In each of these relationships, the inferior is obligated to show loyalty to his superior, while the superior provides aid and succor to his subjects.

Stager sees ancient Israelite society as a series of multileveled relationships rather than a class system. It is an idea based on biblical evidence as well as analysis of inscriptions and archaeological sites. Linguistic evidence corroborates the concept. The same Hebrew word ebed can refer to a slave as well as to a high government official in his relation to the king.

“This is not a Weberian or Marxist theory that we are imposing on the society. We’re trying to see what best fits their own understanding of themselves,” Stager said.

A view of the second floor of the model house showing food on woven mats and in clay vessels and a loom in the background.

While the ordinary household occupies the central place in the exhibition, the royal and divine realms are brought to vivid life as well. One corner of the exhibition space evokes a royal palace in ancient Israel.

We know from the Bible that Israelite kings employed Phoenician artisans, considered the finest craftsmen in the ancient Near East, to construct their palaces, and so a study of Phoenician archaeological sites provides additional hints of what these great structures looked like. The exhibition includes some palatial architectural details based on this evidence, plus an assortment of royal artifacts-some cosmetic containers that might have been used by the original painted lady, Queen Jezebel, and some limestone weights representing King Hezekiah’s standardization of weights and measures.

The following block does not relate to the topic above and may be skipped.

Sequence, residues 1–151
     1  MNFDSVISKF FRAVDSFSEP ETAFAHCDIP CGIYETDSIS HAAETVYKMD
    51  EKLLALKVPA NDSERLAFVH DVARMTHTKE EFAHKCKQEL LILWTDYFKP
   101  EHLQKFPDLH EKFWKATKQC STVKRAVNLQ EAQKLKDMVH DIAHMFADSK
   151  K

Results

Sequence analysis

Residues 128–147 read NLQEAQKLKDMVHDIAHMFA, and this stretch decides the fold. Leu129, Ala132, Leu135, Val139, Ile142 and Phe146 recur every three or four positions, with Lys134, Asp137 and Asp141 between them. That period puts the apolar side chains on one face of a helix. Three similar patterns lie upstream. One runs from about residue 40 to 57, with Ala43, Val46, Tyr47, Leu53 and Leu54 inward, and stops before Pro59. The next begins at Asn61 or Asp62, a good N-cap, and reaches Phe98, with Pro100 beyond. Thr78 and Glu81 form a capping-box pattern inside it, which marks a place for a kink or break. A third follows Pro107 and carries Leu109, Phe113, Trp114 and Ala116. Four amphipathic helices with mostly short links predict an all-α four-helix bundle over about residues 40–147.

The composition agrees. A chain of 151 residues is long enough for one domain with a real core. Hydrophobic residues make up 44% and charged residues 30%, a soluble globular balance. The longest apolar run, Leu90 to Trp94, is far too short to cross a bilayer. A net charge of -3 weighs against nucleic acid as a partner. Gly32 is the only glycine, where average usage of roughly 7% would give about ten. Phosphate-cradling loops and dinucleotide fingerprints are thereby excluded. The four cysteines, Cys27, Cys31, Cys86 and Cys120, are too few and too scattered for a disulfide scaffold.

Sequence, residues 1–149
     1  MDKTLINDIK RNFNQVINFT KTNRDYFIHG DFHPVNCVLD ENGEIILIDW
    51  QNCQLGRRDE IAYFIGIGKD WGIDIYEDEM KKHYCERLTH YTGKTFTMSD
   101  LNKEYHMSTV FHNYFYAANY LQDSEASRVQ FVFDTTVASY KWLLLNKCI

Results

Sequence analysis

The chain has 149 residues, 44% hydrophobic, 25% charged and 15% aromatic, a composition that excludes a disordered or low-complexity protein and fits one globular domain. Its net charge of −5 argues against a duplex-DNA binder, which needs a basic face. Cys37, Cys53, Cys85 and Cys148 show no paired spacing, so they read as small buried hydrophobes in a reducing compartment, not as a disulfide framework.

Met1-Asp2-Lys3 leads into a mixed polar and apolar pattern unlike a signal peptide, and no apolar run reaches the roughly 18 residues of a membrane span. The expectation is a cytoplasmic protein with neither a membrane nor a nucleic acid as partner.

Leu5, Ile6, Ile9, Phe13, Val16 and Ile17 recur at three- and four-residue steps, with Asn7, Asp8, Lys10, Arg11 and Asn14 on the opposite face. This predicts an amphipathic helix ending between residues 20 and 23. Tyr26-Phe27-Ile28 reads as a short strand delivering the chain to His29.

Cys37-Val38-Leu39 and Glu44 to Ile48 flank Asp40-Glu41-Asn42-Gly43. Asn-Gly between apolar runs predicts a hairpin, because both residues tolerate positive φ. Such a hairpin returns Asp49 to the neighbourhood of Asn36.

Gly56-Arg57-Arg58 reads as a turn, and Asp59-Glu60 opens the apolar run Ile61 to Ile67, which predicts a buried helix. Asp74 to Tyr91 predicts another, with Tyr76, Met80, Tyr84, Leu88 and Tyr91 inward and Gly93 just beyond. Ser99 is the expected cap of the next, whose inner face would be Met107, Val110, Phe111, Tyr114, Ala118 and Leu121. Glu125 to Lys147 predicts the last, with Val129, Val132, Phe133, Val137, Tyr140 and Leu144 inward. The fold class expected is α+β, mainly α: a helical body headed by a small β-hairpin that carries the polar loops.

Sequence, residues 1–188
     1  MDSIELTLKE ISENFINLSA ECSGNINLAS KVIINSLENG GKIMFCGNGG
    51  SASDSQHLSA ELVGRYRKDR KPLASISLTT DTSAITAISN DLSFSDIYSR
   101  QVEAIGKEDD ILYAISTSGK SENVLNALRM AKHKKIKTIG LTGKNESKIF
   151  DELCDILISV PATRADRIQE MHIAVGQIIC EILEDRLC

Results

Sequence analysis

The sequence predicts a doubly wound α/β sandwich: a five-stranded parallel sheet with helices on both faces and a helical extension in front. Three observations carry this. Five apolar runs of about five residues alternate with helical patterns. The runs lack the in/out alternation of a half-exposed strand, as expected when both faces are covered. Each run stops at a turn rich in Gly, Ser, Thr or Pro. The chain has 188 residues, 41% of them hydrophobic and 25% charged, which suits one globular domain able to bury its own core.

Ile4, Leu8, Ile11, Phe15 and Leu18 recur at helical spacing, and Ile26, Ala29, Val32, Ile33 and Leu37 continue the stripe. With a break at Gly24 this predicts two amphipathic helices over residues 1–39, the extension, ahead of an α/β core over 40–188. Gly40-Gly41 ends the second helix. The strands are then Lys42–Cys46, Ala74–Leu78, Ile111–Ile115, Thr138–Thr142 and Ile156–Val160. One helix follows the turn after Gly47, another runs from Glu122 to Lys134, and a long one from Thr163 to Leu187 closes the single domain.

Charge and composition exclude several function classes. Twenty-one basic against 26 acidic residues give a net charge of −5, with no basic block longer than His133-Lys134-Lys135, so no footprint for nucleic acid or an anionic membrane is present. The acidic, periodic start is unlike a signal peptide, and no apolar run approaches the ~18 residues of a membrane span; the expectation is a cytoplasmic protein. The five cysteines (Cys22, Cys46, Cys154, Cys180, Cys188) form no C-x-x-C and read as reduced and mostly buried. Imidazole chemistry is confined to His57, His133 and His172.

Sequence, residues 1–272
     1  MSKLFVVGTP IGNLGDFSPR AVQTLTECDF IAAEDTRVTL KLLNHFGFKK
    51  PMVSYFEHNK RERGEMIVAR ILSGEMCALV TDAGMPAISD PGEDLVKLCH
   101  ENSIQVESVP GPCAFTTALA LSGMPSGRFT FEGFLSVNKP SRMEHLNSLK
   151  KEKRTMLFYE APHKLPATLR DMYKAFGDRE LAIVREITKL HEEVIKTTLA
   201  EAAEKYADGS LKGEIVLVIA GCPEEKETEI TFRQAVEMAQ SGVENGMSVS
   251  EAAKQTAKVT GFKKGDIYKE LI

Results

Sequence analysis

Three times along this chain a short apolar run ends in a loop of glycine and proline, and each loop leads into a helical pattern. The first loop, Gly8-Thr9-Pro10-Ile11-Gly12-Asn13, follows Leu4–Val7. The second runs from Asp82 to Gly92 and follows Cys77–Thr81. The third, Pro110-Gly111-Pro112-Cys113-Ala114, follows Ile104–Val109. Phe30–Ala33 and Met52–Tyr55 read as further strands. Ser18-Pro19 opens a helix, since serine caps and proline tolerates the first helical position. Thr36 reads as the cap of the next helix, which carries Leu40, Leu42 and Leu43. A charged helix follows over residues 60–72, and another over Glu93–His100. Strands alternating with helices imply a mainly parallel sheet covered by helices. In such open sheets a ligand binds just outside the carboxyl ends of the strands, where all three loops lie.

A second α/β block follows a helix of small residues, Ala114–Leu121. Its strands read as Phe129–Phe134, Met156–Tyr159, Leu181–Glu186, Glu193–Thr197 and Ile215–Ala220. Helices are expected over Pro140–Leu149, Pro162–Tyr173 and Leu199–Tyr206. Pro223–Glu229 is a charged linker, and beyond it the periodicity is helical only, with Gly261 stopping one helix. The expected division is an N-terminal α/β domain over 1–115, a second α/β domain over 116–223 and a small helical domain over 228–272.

The Temple of Solomon is a structure that has been lost to history but re-imagined many times with wildly varying degrees of plausibility. The exhibition brings the temple to life through a magnificent multileveled painting by National Geographic artist Christopher Evans, based on the most up-to-date research.

The stone structure is shown surrounded by palm trees, olive trees, plane trees, and cedars of Lebanon – a carefully cultivated garden symbolizing paradise on earth. White-robed priests officiate at the great altar where animals are sacrificed, and tend the mekônôt, or wheeled stands containing sacred water.

Gilson mural
Detail of a mural painted for the exhibition by Diane Gilson.

Between the great bronze pillars, Jachin and Boaz, the doors of the Temple stand open, affording a view of the interior, forbidden to ordinary Israelites. At the back of the interior space, in which every surface is covered with gold leaf, stands the Holy of Holies, the symbolic throne of God between two gold cherubim. These are not the hovering toddlers of Renaissance paintings, but fierce, composite creatures resembling winged sphinxes.

The painting is replete with other fascinating details – symbolic motifs, ritual objects, authentic construction details – all of them based on exhaustive research and interpretation. As in the rest of the exhibition, the details draw the viewer in, evoking a world that is familiar in certain respects, yet intriguingly strange and alien.

“I think this is the best reconstruction of Solomon’s temple ever done because we have more clues now,” said Stager.